In an unprecedented development in 61 years, India’s Independence Day celebrations at the Attari-Wagah international border near Amritsar in Punjab on Saturday were held in the absence of spectators due to coronavirus pandemic, officials said.
Those who have witnessed the ceremony during normal times would vouch for the electrifying effect it has on the boisterous audience that sits virtually on the edge of stairs of the spectators’ gallery. In contrast, Saturday’s flag-hoisting, ceremonial drill and Beating Retreat on the country’s 74 Independence Day was a low-key affair.
Also missing was the traditional bonhomie between border forces of both India and Pakistan – the BSF and the Pakistan Rangers – who in normal times would share sweets and exchange greetings at the Joint Check Post, around 30 km from the holy city.
However, a band performance by BSF personnel was held on Friday and Saturday evening to mark the occasion.
In March 2020, the BSF had stopped the entry of visitors from across India who otherwise thronged the JCP to witness the famous Beating Retreat ceremony – a daily charged-up drill performed by the BSF and the Pakistan Rangers in the evening hours – in view of the spread of the deadly coronavirus.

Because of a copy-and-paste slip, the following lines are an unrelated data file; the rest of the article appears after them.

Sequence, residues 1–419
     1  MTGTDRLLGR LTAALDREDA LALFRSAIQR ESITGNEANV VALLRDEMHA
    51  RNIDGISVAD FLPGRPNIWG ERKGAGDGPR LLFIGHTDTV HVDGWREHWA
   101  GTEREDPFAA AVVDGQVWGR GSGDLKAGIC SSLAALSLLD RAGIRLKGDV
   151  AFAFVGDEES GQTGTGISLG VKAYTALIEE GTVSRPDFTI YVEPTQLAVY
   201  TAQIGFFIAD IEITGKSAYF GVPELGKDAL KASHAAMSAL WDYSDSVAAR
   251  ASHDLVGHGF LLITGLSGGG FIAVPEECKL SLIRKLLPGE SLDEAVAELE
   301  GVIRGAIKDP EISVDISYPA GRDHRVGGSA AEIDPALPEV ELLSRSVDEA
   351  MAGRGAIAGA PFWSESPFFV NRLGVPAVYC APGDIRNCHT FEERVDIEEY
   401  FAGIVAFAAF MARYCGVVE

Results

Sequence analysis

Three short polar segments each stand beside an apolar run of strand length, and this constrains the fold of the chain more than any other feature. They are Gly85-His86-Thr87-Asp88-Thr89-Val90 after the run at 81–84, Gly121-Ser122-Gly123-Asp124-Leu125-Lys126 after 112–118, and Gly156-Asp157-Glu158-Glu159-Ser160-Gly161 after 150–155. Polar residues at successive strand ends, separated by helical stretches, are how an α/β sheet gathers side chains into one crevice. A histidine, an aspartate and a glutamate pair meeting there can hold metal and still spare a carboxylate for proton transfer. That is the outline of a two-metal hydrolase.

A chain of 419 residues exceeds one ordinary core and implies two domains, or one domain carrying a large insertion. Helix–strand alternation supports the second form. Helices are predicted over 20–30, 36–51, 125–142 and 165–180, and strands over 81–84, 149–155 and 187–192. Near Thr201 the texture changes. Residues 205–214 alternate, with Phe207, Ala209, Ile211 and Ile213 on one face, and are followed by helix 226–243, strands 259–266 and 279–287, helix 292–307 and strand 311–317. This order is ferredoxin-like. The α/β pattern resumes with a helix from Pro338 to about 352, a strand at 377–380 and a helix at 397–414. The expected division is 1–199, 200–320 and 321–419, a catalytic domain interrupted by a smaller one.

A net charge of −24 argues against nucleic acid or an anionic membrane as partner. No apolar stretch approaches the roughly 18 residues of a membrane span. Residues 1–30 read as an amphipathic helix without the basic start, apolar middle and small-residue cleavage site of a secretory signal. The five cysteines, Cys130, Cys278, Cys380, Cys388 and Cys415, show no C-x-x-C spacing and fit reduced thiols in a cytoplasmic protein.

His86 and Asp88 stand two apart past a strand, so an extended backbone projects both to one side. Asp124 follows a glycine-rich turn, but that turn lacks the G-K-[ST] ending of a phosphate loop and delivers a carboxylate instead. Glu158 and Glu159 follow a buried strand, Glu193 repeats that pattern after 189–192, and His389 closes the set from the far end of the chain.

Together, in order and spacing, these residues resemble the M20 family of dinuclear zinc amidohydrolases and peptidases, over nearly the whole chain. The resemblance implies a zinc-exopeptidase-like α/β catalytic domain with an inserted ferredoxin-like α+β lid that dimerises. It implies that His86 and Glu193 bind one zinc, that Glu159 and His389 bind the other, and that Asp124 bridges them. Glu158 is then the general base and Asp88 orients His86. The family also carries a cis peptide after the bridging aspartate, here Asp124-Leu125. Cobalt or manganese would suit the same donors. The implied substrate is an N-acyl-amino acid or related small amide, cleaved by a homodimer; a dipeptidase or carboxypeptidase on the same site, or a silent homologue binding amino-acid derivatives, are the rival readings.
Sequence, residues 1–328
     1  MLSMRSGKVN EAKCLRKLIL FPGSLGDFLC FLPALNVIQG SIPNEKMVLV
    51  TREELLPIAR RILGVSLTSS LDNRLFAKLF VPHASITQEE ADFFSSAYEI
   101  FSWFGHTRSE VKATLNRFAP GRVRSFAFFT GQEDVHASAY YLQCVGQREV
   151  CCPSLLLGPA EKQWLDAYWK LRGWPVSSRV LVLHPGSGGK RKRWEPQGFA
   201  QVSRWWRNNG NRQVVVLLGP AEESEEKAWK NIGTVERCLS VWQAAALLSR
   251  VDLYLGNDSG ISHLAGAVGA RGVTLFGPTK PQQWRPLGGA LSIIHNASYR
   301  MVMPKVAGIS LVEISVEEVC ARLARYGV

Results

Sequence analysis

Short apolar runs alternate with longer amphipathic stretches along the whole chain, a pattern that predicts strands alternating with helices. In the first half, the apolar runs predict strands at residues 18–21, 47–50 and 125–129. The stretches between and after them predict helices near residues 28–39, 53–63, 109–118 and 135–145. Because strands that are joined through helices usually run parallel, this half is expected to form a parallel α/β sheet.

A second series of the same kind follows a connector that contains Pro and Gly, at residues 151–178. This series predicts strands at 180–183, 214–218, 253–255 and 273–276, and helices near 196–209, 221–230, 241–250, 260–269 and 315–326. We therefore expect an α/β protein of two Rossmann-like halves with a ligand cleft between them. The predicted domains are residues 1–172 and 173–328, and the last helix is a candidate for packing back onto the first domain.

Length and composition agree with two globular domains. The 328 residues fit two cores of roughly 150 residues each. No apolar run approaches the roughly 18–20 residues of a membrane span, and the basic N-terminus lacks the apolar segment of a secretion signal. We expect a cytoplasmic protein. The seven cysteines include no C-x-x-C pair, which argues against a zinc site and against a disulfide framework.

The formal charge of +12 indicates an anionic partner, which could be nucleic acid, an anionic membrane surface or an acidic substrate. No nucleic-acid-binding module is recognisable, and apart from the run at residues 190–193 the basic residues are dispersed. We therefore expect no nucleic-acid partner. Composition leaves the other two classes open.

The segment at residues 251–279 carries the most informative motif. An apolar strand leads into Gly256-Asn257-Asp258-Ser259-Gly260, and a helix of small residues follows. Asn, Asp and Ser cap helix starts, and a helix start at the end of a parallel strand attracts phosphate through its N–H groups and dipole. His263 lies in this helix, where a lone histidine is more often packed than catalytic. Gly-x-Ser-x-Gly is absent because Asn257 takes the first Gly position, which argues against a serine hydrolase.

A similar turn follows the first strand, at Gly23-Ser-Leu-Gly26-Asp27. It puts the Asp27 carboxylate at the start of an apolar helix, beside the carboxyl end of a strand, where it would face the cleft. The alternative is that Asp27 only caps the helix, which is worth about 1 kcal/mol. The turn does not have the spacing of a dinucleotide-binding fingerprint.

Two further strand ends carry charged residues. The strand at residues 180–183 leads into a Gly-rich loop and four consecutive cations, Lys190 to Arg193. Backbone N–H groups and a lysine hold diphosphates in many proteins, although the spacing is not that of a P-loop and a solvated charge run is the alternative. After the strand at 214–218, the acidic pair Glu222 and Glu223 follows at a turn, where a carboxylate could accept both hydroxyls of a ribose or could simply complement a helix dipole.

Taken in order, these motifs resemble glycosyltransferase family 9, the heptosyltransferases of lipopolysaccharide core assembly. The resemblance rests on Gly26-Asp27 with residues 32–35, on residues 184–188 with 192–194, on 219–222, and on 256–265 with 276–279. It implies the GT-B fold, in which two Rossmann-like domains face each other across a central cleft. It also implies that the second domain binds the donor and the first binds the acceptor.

However, flag-hoisting and lowering of flags daily by both the forces is being held as usual.
At sunset, border guards on both sides lower their national flags. The ceremony is a major tourist attraction on both sides of the borders.
“Due to the coronavirus pandemic, there was no exchange of sweets between the BSF and the Pakistan Rangers,” a BSF spokesperson said.
The Pakistan Rangers also did not distribute sweets on Pakistan’s Independence Day (August 14),” the spokesperson added.
BSF Director General Surjeet Singh Deswal, besides senior officials, was present during the Beating Retreat on Saturday.
Previously too, border guards on both sides have not exchanged sweets on special occasions like Diwali and Eid as well as Independence Day and Republic Day functions due to heightened tension between the two nations.
India had chosen to skip the tradition in 2019 over growing incidents of ceasefire violations across the LoC in Jammu and Kashmir.
After the surgical strikes by Indian forces across the borders in September 2016, the BSF did not offer sweets to the Pakistan Rangers.